With a cast including Sarah Lancashire, Lucian Msamati and Lia Williams, how could Kiri be anything but good
“Stick a flake in it before you try and sell it to the tabloids will you”
Airing on Channel 4 at the beginning of the year, Jack Thorne’s Kiri was billed as a continuation of his National Treasure brand (I managed one episode of that first series…). But any fears I had of not liking it were assuaged by a cast led by Sarah Lancashire, Lucian Msamati and Lia Williams, plus this far down the line, I’d heard enough good things about it to finally get round to watching.
Set in Bristol, Kiri follows the abduction of a young black girl – Kiri – in the foster care system, as she is allowed a meeting with her birth grandparents in advance of her adoption by a white middle-class family. Her social worker Miriam has arranged this unorthodox meeting and sure enough, the proverbial hits the fan when she gets a phone call to say she has gone missing. Continue reading “TV Review: Kiri”
Just a couple of weeks left to catch The Ferryman at the Gielgud Theatre, and it remains entirely worth it
“That is what it takes. Thatis the cost of freedom. The price is unimaginable. And here is a man who knows that. And is willing to pay it.”
Time is so, so relative in theatres isn’t it – the mere thought of a running time that exceeds three hours can send chills running down the spine. But sometimes it is a 70 minute show that can feel like a cruel eternity and in the arms of a brilliant play, you barely even notice the hours passing by, even with Edwardian-levels of leg-room available to you.
With just a couple of weeks left to catch The Ferryman in the West End and the chance to see Rosalie Craig in a non-musical role for once, the offer to return to the Gielgud was one I couldn’t refuse. And though it is the third time I’ve seen the show, it remains a phenomenal piece of theatre in which Jez Butterworth manages that not-inconsiderable feat of making time fly. Continue reading “Re-review: The Ferryman, Gielgud”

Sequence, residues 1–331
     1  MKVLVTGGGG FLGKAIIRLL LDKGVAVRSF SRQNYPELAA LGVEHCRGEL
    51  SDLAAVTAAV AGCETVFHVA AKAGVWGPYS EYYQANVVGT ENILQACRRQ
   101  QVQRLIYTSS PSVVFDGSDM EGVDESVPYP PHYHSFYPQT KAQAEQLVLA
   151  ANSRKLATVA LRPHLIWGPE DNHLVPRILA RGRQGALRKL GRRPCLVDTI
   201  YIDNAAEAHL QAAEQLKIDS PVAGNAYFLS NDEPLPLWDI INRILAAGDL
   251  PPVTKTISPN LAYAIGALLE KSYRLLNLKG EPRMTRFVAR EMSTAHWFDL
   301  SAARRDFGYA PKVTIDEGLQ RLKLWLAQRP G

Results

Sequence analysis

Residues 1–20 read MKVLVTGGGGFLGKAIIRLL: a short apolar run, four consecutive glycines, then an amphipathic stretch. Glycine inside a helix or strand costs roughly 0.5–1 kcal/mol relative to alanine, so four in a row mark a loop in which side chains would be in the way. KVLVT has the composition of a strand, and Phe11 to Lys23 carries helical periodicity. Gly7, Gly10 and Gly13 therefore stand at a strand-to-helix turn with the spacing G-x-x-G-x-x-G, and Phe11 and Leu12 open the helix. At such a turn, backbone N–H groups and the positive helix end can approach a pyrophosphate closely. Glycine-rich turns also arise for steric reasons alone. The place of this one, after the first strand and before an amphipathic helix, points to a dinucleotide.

“Sometimes you’ve got to grab life by the balls
You take those balls and tuck ’em between your legs”
We should be talking about Sheffield, and how its place in the fragile ecosystem of British musical theatre has only become more and more invaluable. Nurturing shows like Flowers For Mrs Harris and This Is My Family into existence and taking pride in their understated nature, the venue has also been incubating new writing talent. Well, new to musical theatre at least, for Dan Gillespie Sells is the lead singer-songwriter of The Feeling and Tom MacRae has written several episodes of Doctor Who and sitcom Threesome. And inspired by a BBC3 documentary, a meeting with director Jonathan Butterell and a fairy godmother-like intervention from Michael Ball, the result is brand spanking new musical Everybody’s Talking About Jamie.
And what a joy it is, a breath of feel-good fresh air that can’t help but leave you feeling fabulous. With career advice flying by unheeded, all 16-year-old Jamie is really bothered about as his school-time comes to an end is whether he will attend the school prom as his drag persona Mimi Me or not. And rather brilliantly, the writing hones in on Jamie just as a young man – yes he’s queer and a kween but he’s also a person still finding out the extent of his identity and how to relate to a wider world that isn’t necessarily always set against him. It’s a refreshing take on LGBT+ storytelling, and a sorely needed one, tipping its hat to the tales of coming out and battling against intolerance that have gone before and then finding its own space to parse the consequences of being this fierce in the real world. Continue reading “Review: Everybody’s Talking About Jamie, Crucible”